Take Your Lumps Like the Rest of Us, Hal

There’s a minus sign in front of that one star rating. I’ve stayed out of writting [sic] negative reviews but this was just terrible. Stay away from this show! I haven’t a clue as to who wrote the positive reviews. There was not a single moment in the entire eternity of this enterminable [sic] 60 minute “show” that I enjoyed being there. 15 minutes in I couldn’t figure out what the point of doing this show was nor did I any longer care. The Buddah [sic] in me cries out for compassion for someone who would allegedly unknowingly and unwittenly [sic] be the cause of so much pain and suffering ……..but the Charles Bronson in me screams out, “Screw that crap , off the bastard before he ‘creates’ again.”…I probably should have cooled off before writting [sic] this but……..As a friend of my wife’s was told by her church choir master , “I believe the Lord has other plans for you.” Or at have someone evaluate what you are doing before attempting this again. Please , for our sake.

That’s one of the audience reviews I received for Wrestling an Alligator, a play that I wrote and directed for the 2004 San Francisco Fringe Festival. Of course, I was pretty quick to dismiss it and to assure my remarkable cast not to regard it. (The review came after an unfortunate afternoon show attended by churchgoers, an audience that did not get the play and regrettably the only performance videotaped. I had rented some rehearsal space in a church which thankfully matched the stage dimensions and my limited price range. But I didn’t expect the church to publicize the play and have a good deal of its squeaky clean congregation experience my dark and uncomfortable satire.)

Besides, can you really trust a reviewer who misspells “writing?”

I bring this up not to boast, but to respond to Hal Niedzviecki’s ridiculously whiny article, which reads as if a more narcissistic Ed Muskie were campaigning in the age of the blogosphere.

Now I liked Niedzviecki when I interviewed him last year. But his call here for a safe and sane blogosphere is the telltale mark of a passive-aggressive. I would counter-argue that the blogosphere’s sometimes vitriolic timbre has risen in response to the overly safe and bland musings of the mainstream media, with critics who tell us why we should like things in terms that are frequently insulting to our intelligence. But sometimes it’s necessary to articulate intense emotion to get to the more rational part of an argument. And if the blogosphere can get the blood pumping, particularly for relatively obscure cultural critics like Niedzviecki, then how is this a bad thing?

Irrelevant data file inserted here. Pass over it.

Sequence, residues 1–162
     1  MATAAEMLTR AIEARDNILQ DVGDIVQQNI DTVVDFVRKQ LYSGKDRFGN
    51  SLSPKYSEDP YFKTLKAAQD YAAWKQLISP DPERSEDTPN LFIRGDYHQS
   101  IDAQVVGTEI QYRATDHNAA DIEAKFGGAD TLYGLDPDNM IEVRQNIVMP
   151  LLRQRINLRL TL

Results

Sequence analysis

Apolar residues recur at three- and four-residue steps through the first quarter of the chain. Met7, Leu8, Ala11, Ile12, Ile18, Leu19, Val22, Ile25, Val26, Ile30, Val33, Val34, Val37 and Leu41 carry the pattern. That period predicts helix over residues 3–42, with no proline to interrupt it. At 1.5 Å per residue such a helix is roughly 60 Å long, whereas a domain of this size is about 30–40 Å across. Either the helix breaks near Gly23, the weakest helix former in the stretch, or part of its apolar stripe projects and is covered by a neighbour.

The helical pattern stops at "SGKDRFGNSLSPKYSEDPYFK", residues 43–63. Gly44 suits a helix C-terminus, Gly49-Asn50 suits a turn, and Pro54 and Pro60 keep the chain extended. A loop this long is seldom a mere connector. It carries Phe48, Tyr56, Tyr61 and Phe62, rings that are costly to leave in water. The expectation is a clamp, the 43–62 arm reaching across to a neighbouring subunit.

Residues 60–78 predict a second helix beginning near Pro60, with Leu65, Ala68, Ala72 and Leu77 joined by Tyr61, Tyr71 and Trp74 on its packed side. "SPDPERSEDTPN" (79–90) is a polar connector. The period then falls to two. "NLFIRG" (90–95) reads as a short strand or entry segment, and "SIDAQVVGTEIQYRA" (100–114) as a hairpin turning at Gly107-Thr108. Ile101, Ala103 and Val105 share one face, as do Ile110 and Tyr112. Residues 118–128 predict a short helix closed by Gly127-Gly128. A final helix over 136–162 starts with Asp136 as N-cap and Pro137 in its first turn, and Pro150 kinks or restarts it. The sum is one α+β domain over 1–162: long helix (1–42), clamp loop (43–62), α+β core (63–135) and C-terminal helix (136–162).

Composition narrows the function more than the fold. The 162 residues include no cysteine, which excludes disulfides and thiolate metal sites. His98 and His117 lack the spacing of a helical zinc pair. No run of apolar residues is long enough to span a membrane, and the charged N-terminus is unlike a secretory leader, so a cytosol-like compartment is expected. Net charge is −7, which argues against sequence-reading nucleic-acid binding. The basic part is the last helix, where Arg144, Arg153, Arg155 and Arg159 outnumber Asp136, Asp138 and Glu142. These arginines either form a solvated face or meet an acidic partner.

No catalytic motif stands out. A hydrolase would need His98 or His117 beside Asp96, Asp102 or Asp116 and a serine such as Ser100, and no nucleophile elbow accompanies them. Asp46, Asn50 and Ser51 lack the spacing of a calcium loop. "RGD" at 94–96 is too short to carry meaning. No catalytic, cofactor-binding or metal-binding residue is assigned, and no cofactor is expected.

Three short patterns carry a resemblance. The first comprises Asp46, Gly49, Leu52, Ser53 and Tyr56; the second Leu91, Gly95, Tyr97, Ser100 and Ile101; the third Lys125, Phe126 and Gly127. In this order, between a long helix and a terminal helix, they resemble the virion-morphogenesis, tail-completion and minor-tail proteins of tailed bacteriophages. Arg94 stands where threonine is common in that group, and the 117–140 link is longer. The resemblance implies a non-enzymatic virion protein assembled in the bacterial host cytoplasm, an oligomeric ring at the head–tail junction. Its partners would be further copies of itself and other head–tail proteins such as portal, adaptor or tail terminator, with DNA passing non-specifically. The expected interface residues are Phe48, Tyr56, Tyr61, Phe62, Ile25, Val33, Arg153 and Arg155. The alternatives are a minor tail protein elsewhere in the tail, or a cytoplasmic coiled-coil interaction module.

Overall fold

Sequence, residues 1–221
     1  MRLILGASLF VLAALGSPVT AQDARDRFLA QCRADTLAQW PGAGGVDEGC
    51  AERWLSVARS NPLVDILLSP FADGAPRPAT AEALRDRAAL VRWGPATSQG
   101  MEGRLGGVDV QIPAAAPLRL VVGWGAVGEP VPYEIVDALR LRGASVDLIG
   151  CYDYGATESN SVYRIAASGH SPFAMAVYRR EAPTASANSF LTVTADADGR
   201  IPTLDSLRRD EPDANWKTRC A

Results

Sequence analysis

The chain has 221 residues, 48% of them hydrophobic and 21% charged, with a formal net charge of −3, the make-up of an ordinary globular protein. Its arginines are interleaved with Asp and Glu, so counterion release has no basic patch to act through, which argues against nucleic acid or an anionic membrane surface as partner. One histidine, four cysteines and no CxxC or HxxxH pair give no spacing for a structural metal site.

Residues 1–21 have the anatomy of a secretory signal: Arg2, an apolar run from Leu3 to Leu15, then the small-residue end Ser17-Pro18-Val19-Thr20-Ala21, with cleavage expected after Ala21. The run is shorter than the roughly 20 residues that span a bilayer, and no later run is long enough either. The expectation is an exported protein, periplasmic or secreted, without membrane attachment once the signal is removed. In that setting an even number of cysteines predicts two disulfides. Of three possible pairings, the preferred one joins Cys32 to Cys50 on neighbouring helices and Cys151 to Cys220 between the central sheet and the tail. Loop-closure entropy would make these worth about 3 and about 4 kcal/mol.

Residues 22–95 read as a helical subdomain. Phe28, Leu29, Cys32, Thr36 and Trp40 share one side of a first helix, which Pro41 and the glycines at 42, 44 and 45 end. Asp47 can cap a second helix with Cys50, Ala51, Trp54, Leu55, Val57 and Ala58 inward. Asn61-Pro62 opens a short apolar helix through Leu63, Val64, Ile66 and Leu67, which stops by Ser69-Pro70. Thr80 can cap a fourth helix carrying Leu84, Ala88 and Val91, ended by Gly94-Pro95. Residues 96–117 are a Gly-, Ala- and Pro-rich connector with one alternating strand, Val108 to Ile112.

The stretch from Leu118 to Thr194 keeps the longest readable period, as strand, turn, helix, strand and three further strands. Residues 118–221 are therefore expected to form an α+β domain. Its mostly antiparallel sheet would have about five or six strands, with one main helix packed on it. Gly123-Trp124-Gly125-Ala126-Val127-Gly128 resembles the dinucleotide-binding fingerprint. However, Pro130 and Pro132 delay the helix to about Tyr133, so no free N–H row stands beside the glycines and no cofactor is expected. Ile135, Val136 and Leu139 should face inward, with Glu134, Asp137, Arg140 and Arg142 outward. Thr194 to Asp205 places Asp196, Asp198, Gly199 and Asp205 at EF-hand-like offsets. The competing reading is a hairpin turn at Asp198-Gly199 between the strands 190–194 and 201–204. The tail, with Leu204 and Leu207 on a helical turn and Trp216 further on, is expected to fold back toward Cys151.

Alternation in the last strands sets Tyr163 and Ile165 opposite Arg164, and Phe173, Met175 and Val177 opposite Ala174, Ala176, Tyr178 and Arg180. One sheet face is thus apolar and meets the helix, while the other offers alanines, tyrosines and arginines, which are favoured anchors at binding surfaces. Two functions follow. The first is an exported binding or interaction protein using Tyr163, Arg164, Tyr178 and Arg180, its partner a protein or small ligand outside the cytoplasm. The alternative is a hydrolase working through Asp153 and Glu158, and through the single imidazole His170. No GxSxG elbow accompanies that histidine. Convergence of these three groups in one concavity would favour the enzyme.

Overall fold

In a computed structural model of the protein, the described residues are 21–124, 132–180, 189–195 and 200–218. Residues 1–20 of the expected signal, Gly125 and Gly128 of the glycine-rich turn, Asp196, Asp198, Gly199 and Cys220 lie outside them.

Besides, any good writer who is fiercely devoted to what she does is not going to be stopped by what some opinionated blogger has to say (least of all, me). Speaking for myself, it is often the negative reactions that I value the most. To take the above review, framed as a borderline death threat, it did have me considering that my play may have been too baroque for some to understand its intention. And if I had to do it again, I would have clarified some of the character intentions to help my audience. I should also point out that some of the writers who I’ve raked over the coals here have, in turn, emailed me, and we’ve respectfully disagreed (and sometimes the writer even changes my mind; I’m opinionated, but not inflexible) and we’ve found common points of interest on other subjects. It helps to have an open mind towards one’s detractors. And even when someone completely disagrees, is it not a good thing to know that at least one person gives a damn about your work?

Of course, Niedzviecki will have none of this. Turning to one of the apparent “vitriolic” critics of his radio show, one doesn’t find a mean-spirited Niedzviecki takedown, but a lengthy essay on why Subcultures reflects a current CBC trend of listless irony for the sake of listless irony. This is the stuff of mincing words? This is the stuff that has the enfant sensible calling for mommy?

Niedzviecki asks bloggers to “please pause to consider both your reputation and the fragile ego of the artist.” I couldn’t care less about my reputation because I don’t have much of an ego and I accept who I am, warts and all. I’m genuinely stunned and delighted that anybody would be reading or listening. I’m honored and surprised any time I get a paid writing gig and I work my ass off in kind. Maybe it’s because I’ve had a lifetime of rejections. Maybe it’s because I’ve had a lifetime of being misunderstood. Or maybe it’s because I know that the only people concerned with writing 1,500 word articles about “fragile egos” are those who possess them. The rest of us toil on because we must, because it’s who we are, and because we can’t stop doing it. And there’s nothing that will stop us.


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